How did you find out about the women's league?
I was 18 years old in my last year of high school in a small resort town in Ohio, Lakeview. It was a rural area and very sports minded-men's sports, that is. We had a baseball men's town team that played other such teams all over our part of the state. I always traveled and practiced with them and was their bat girl. I was told by the father of one of the players about an article in the local newspaper that there was to be try-outs for girls to play baseball in a professional league in Battle Creek, Michigan in May. This was in 1953. I drove my sister's car there on my first trip alone out of state to go to the try-outs.
How do you think society felt about women playing baseball?
Society may have been different in different areas of the country. I know the general feeling about women playing in sports was that you were not very feminine. You were a tomboy and liked boy's things. That separated you from other girls in most cases. In my case, in a small town, it was not so much that way. I was very good friends with most of the girls in my school and accepted by the boys and played with them after school and whenever I could find a group of boys playing baseball, basketball or football. I did not socialize with them though. I had girlfriends too.
Do you think the league was a good idea?
I am very thankful for the league. I was so happy to be able to play the years I did. I was fortunate to be able to play on an All-Star team that toured the U.S. in 1955 and 1956, of great players from all the different teams. I played in the summers all 4 years while completing my education at Ohio Northern University.
In these later years since the players have re-united, it has been a great blessing to become really good friends with so many of the players and to see old friends from our playing days every year or so at reunions. We have great times together and also are there to support each other through illnesses and deaths.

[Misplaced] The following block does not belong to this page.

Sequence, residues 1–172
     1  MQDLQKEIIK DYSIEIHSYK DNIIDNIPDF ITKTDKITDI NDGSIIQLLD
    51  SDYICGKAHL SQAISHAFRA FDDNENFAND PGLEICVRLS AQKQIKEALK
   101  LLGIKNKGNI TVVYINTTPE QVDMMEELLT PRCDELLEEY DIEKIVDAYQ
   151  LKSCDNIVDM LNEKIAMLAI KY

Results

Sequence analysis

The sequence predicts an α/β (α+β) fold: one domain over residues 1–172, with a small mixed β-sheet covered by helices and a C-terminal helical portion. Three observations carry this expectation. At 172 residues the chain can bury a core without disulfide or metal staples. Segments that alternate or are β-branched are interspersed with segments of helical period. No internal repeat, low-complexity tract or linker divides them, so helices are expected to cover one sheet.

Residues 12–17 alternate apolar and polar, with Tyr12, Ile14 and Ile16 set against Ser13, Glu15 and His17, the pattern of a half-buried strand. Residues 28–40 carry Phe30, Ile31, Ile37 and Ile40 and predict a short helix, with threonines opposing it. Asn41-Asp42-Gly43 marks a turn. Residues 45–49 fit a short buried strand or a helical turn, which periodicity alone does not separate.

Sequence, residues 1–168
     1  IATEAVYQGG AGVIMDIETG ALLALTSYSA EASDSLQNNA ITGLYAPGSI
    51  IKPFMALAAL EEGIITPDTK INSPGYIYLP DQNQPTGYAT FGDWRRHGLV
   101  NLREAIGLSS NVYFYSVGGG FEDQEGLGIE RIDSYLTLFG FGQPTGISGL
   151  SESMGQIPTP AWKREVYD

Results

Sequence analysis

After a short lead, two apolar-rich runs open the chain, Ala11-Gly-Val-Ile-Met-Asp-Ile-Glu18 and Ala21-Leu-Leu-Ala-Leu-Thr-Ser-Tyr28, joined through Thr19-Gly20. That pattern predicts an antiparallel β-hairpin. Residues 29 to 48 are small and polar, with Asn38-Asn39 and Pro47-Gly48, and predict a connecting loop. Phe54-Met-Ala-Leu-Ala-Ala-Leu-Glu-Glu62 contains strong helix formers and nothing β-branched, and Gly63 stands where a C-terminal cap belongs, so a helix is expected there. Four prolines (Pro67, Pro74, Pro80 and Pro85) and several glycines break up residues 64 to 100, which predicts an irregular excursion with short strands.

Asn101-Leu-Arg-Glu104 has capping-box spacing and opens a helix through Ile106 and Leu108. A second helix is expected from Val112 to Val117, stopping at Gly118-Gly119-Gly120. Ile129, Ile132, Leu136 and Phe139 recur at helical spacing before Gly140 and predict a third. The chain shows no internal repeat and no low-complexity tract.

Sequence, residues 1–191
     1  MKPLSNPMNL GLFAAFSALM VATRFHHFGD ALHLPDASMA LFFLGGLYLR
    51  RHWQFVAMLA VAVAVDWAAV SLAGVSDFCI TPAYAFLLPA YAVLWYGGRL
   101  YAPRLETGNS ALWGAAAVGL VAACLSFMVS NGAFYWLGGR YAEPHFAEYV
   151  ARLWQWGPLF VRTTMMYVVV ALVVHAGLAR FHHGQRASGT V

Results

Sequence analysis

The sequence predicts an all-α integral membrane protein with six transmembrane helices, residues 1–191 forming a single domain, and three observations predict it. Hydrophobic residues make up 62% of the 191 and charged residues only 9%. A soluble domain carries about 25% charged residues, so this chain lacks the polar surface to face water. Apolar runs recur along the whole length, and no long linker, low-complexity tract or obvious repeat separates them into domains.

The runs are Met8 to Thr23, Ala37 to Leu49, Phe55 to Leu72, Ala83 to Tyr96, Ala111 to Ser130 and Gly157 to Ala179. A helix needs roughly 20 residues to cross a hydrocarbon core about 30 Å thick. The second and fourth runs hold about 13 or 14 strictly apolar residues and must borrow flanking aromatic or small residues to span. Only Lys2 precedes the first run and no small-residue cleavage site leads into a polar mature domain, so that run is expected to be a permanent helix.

Did you consider playing in the league to be patriotic?
I didn't think about the war then. There were soldiers and sailors in the stands and we always did a V formation on the field and said the pledge of allegiance to the flag. I felt very patriotic at that time, but the war was over when I played, and I didn't think about why Wrigley may have started the league when I was playing.
How did the league influence society?
In that time, it gave the local communities a place to go to have a good time, be with people and forget about the hard times; there was rationing of food, many people had to work in factories to make ends meet and replace the men in their families who were off at war. Many worked in defense plants making instruments of war just to be part of the fight for freedom for those who were being suppressed. People needed local heroes, like they do today, and we provided them with that.
How did the league affect your future?
In the last 17 years, since we were recognized by Cooperstown at the Baseball Hall of Fame which spawned the making of the movie, "A League of Their Own," we have had a great deal of influence on the acceptance of women's rights to participate in many sports not open to women in the past. We have opened the world to the reality that women can play any sport with equality of competition. We only advocate women playing against women, not a competition of women against men. That is not equality. We work on behalf of Title IX and support women athletes in all fields to have an equal opportunity to participate in all sports. I think we proved we could play a very physical game at a very high level of excellence. Hopefully, women's baseball will be part of the statement, "Baseball is America's Favorite Sport."
What did the league communicate to society?
As we interact with the people who come to our reunions, they e-mail us about the league and write to us by the thousands that they are astounded that we played. I am not quite sure why it is so astounding. Maybe it is because no one really thought women could play baseball and we proved they could. Maybe it is because of the time in history that we played, when women only had the opportunity to go to college to be teachers or nurses, and there was very little opportunity for them to become anything else, let alone a professional baseball player. It was not that our talents were so unique, but that we had developed those skills in a world that forced us to be different in order to have the opportunity to play in sports.
I am thankful that we were in the right place at the right time. I am also thankful that Wrigley spent the time and money to start the league, that Arthur Meyerhoff, who bought the league from Wrigley in 1944, kept it going through 1950, and that the cities and managers supported the league through the 12 years it remained in existence.
What were your thoughts when the league ended?
I was very sad, but I didn't know about it until I was called to play on the touring team, so I didn't really quit, I played 2 more years. After that, I went to teach school for the US Air Force at various bases in Puerto Rico, France and the Philippines, and I changed my sport to golf. I went from knowing nothing about golf to becoming a professional tour golfer so I didn't look back until 1988, when we were honored at the Baseball Hall of Fame.